Current Radar or Satellite Image

Flhurricane.com - Central Florida Hurricane CenterHurricanes Without the Hype! Since 1995


2017 Atlantic Hurricane Season officially over. 2018's runs June 1st-Nov 30th, 2018.
Days since last H. Landfall - US: Any 71 (Nate) , Major: 89 (Maria) Florida - Any: 99 (Irma) Major: 99 (Irma)
None
COMMUNICATION
STORM DATA
CONTENT
FOLLOW US
ADS
Login to remove ads

 
Show Selection:
Show plain - Location:
#906666 (Received by flhurricane at: 10:55 AM 11.Oct.2017)
TCDAT2

Tropical Storm Ophelia Discussion Number 10
NWS National Hurricane Center Miami FL AL172017
1100 AM AST Wed Oct 11 2017

If I only had conventional satellite imagery, I would definitely
estimate that Ophelia was a hurricane. The cyclone has a ragged eye
surrounded by deep convection and cyclonically curved bands.
Furthermore, Dvorak intensity estimates, both subjective and
objective, from all agencies are T4.0 plus. However, several ASCAT
passes during the past day or so indicate that the winds have been
lower than the winds one could assign the cyclone by using Dvorak.
Once again this morning, a pair of ASCAT passes showed winds of
less than 45 kt, but I am assuming that the ASCAT can not resolve
the sharp wind gradient typically associated with an eyewall, and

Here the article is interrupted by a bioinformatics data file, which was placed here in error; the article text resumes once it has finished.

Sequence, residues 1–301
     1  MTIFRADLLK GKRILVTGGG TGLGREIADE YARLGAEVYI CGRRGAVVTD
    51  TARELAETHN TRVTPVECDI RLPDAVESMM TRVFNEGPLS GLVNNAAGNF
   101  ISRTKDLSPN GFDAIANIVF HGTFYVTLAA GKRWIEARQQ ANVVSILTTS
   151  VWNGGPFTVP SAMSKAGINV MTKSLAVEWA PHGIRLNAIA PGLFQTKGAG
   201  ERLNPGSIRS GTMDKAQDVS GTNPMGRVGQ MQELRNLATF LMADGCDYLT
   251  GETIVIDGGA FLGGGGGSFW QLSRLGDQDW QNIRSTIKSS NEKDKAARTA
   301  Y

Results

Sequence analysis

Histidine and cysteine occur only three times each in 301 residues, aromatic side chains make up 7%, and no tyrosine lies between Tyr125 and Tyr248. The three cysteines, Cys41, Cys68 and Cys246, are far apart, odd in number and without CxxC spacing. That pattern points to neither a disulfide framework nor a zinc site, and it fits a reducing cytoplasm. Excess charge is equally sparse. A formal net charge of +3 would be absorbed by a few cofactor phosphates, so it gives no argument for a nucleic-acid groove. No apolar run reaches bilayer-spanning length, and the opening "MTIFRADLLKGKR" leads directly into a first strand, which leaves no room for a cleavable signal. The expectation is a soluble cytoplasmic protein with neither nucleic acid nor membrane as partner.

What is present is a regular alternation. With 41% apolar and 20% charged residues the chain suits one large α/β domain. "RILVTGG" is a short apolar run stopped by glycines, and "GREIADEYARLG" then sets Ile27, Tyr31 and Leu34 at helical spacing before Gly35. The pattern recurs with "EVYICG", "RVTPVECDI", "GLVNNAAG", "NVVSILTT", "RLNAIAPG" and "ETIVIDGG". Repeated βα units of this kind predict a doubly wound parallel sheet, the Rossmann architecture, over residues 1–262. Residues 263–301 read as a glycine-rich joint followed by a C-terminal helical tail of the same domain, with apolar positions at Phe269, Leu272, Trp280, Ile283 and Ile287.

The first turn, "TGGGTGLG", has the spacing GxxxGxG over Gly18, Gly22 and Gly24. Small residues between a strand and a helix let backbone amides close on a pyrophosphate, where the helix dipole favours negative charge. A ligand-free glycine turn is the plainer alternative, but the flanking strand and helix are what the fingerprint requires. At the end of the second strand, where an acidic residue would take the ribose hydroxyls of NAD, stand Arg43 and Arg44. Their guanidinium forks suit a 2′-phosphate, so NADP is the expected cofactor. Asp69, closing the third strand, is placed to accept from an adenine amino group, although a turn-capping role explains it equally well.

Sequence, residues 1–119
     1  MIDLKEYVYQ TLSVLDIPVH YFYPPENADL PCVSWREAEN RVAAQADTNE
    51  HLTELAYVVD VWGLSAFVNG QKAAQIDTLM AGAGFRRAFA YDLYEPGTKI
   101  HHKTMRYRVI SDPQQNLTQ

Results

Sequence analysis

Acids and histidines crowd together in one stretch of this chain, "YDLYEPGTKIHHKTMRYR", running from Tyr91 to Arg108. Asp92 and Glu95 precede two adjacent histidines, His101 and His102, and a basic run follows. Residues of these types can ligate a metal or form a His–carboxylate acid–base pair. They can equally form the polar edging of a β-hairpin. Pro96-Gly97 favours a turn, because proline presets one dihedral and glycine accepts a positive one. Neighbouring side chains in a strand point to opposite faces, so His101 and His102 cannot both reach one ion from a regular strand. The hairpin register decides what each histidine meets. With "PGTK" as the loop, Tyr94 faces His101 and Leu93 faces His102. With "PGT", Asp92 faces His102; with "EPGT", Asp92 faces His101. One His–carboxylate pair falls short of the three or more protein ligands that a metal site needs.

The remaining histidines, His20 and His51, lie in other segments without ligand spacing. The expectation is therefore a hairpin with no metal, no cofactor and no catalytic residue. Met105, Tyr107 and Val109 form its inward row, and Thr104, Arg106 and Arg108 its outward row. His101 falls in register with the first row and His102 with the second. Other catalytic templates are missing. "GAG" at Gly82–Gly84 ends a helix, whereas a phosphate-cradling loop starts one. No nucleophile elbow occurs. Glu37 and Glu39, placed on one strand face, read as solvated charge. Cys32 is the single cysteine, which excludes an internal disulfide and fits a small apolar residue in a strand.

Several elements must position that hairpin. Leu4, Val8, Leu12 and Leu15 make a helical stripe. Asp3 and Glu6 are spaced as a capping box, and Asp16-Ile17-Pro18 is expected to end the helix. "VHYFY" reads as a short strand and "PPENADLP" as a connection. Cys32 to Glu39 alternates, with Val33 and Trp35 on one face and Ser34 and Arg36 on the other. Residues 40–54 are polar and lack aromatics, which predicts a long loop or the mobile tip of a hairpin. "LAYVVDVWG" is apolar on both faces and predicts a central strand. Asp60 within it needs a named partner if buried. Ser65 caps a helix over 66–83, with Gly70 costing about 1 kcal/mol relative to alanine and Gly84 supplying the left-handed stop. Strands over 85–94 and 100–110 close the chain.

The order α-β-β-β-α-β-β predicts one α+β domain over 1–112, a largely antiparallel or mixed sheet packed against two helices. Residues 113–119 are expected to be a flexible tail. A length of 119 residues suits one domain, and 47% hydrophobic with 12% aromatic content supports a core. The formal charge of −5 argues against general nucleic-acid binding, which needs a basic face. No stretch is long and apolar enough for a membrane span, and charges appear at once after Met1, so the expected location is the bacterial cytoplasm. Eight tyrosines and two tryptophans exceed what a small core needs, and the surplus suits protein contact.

earlier SSMIS data indicated that one is present. Since we do not
have a hurricane hunter plane to give us exact measurements, we
need to compromise between the very valuable satellite-based
estimates, and the initial intensity is set at 60 kt in this
advisory.

Although the ocean is not too warm, the shear is low and the
upper-troposphere is cool. These factors should provide some
low-octane fuel favoring slight strengthening, and Ophelia is
still expected to become a hurricane at any time within the next 12
hours. Extratropical transition is likely to start between day 3 and
day 4, and Ophelia is anticipated to remain a strong cyclone over
the northeastern Atlantic.

Ophelia is moving slowly toward the east at 3 kt, embedded within
light steering currents, and little motion is expected today. A
mid-level trough is forecast to amplify west of Ophelia, and this
pattern will provide a stronger southwesterly steering flow
which eventually force the cyclone to move toward the northeast with
increasing forward speed. Most of the track models agree with this
solution increasing the confidence in the track forecast. The NHC
forecast follows very closely the HFIP corrected consensus HCCA
which has been very skillful this season.


FORECAST POSITIONS AND MAX WINDS

INIT 11/1500Z 30.0N 36.5W 60 KT 70 MPH
12H 12/0000Z 29.9N 36.0W 65 KT 75 MPH
24H 12/1200Z 30.1N 35.7W 70 KT 80 MPH
36H 13/0000Z 30.8N 34.7W 70 KT 80 MPH
48H 13/1200Z 31.5N 33.3W 70 KT 80 MPH
72H 14/1200Z 34.0N 26.8W 70 KT 80 MPH
96H 15/1200Z 40.0N 17.5W 70 KT 80 MPH...POST-TROP/EXTRATROP
120H 16/1200Z 51.5N 12.5W 60 KT 70 MPH...POST-TROP/EXTRATROP

$$
Forecaster Avila